Our Local Experts
edited by Sabina Dana Plasse
photos by Ray Gadd
The Sun Valley real estate market has experienced a significant change in the past few years as many people have decided to make the Wood River Valley their home, moving from various cities and towns across the nation. Sun Valley has become a favorite among many families and others, offering a charming, world-class lifestyle at a number-one-rated ski resort (by SKI Magazine) while enjoying arts and culture that rival the best in the nation.
For the 2023 Sun Valley Real Estate Roundtable, top Sun Valley agents gathered to discuss the pros and cons of the current market and where inventory in specific sectors is limited while other areas are booming. Building and remodeling are at an all-time high, even though available land is scarce. Cash deals are still firm while potential buyers wait in the wings, and sellers still demand a specific value for property.
To make sense of these exciting times in real estate, Western Home Journal invited Grady and Heather Burnett of Keller Williams, Randy Flood of Windermere Real Estate, Sue Engelmann of Berkshire Hathaway, and Aaron Hill of Keller Williams to offer experience, opinions, and observations on what is happening in the current real estate market and why Sun Valley is still the best in mountain town living.
whj : What is the state of the Sun Valley real estate market for 2023?
Grady Burnett: The Sun Valley market is stable. Over the last several years, we’ve seen unprecedented demand. Demand remains solid but calmer and more consistent than in 2020 and 2021. Buyers now have more negotiating power, but we’re telling sellers they can still get a premium for their homes if they price them correctly from the start. Prices have increased in many areas, and sellers can realize significant values if they market their properties appropriately. But if a seller wants to remain in the Valley, they should plan on paying a premium for their next property.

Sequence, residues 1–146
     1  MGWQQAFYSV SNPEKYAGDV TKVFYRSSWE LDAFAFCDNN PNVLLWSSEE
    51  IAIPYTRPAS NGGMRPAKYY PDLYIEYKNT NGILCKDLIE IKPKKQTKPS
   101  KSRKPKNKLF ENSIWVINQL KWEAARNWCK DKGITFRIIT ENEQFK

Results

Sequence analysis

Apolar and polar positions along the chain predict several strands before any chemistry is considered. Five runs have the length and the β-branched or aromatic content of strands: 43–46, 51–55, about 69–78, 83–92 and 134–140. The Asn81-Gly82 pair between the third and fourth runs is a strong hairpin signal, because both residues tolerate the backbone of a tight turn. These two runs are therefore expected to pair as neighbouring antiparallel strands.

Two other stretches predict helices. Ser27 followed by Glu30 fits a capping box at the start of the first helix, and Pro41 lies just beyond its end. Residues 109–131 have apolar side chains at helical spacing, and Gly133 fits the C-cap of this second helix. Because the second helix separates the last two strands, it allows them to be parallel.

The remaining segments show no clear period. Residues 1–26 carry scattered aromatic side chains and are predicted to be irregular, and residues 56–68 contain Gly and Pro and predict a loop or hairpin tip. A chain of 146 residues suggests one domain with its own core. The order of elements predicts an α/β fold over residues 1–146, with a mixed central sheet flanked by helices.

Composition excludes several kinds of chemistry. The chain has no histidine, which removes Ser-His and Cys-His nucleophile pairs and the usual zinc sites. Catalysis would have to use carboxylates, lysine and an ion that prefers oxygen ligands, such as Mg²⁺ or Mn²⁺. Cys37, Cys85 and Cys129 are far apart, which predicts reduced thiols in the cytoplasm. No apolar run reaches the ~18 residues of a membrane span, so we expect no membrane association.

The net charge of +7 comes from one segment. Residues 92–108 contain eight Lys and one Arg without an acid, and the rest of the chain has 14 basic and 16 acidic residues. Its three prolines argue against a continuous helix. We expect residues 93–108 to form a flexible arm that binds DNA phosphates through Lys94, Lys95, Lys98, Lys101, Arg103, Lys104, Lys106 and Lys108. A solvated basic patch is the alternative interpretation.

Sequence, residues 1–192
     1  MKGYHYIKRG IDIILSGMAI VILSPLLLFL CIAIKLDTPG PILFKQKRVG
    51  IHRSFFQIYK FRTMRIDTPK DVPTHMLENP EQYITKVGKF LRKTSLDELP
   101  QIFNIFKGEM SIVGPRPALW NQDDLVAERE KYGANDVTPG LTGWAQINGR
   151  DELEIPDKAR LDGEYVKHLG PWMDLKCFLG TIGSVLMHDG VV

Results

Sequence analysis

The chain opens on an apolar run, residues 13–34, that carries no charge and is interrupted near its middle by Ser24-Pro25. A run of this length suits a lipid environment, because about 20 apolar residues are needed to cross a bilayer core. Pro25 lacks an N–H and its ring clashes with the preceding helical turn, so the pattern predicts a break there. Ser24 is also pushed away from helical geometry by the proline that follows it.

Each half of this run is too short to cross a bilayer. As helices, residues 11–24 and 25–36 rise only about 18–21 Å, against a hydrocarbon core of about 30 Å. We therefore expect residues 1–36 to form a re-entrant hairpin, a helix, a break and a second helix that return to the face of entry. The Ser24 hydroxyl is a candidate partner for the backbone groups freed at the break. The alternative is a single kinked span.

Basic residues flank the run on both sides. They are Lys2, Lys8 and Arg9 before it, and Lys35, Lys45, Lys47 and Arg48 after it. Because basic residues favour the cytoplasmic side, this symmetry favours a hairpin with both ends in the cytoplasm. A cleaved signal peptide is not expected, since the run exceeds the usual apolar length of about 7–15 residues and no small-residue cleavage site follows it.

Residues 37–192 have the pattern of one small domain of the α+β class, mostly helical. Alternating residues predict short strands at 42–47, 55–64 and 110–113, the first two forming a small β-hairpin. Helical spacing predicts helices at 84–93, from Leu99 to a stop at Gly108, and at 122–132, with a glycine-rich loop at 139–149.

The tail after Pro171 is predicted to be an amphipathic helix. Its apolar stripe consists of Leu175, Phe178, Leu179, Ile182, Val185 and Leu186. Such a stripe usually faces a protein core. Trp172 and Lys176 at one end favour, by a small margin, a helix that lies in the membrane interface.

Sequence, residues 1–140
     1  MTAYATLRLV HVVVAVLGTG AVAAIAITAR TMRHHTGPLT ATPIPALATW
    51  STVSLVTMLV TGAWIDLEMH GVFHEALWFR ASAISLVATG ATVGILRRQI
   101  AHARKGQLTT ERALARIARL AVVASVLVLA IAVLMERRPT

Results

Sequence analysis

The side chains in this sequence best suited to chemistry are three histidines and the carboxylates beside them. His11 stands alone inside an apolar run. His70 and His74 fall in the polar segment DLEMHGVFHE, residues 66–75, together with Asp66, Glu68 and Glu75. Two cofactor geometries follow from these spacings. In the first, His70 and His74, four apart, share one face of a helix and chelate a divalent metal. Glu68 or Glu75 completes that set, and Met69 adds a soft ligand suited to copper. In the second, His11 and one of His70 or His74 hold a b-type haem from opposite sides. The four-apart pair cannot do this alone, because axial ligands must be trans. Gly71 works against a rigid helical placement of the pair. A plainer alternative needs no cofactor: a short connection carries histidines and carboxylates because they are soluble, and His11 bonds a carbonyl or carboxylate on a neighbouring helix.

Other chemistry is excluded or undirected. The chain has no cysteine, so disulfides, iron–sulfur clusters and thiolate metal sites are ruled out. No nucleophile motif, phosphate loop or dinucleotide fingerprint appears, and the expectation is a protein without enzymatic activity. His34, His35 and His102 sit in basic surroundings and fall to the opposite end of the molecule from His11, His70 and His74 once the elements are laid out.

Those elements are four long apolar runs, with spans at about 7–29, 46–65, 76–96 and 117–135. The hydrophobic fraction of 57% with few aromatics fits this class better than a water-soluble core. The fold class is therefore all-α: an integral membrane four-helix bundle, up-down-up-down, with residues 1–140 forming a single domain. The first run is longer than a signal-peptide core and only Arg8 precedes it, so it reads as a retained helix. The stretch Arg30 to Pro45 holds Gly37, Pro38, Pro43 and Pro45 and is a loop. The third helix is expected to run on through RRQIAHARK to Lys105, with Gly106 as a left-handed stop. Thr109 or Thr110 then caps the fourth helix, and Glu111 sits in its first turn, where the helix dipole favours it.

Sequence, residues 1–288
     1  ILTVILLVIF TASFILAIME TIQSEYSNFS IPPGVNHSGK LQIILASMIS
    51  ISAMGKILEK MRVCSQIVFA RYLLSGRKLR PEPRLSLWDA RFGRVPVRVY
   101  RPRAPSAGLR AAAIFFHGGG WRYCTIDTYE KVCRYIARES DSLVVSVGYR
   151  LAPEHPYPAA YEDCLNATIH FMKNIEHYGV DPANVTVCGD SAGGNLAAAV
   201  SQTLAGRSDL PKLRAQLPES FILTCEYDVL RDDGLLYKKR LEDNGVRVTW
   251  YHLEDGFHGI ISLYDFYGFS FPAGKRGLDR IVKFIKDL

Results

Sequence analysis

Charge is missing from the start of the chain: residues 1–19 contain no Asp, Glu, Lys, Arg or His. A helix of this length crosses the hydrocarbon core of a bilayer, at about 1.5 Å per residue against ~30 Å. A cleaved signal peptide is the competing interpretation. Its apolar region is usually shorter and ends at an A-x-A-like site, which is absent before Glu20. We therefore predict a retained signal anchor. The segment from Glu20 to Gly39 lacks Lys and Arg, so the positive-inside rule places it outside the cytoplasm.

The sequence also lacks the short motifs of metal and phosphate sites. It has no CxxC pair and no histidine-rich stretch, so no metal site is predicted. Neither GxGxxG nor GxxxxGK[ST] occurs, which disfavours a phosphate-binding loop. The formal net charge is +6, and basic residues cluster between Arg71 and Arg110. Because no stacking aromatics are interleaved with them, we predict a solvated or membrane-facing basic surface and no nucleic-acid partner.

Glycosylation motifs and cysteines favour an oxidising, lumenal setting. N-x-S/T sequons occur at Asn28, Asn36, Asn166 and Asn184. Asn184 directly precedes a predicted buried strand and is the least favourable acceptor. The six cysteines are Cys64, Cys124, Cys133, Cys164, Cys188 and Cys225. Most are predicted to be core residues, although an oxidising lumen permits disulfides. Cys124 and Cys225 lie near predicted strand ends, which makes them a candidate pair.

Aaron Hill: I started working in this market in the fall of 2020, and the COVID migration was widespread. Agents put multiple properties under contract every month until the summer of 2022, when the market nearly stopped. At the higher price points last July and August, there was only one sale over four million dollars. Then the media announced that home prices would decrease by 25% last fall. There was uncertainty in the market, and buyers were waiting for this to happen. However, this did not come to fruition. In the first quarter of 2023, the price correction has been negligible, and people who want to transact in this area know there’s minimal inventory. To transact, buyers have to meet sellers where they’re at, which is still at historically high pricing. That said, transaction volume has slowed considerably as there are fewer buyers who are willing to step up on pricing.
Randy Flood: What has changed in our valley over the last 40 years? In 1982, it was hard to make an income.
Sue Engelmann: Minimum wage was $3 an hour.
RF: Houses were $40,000, and you made $24,000 yearly. Interest rates were roughly 18%. What structurally has changed in our marketplace is a look back at the Great Recession, when we lost Smith Optics and white-collar economic jobs because of the difficulty of getting to our marketplace. What has changed in 2023 are situations like the imploding San Francisco office building market. What was a $100 million building then is now $30 million. This whole debt shift is going on because of the office markets in the cities, which have spread out all of the jobs that came to our valley. People can work remotely from Sun Valley. Technology allowed the spread of employment.
Heather Burnett: We haven’t seen a lot of new residents returning to the places they came from, and I think it’s because of the lifestyle they can enjoy here. Many buyers have settled in and are thriving—they’re not looking to return to urban markets.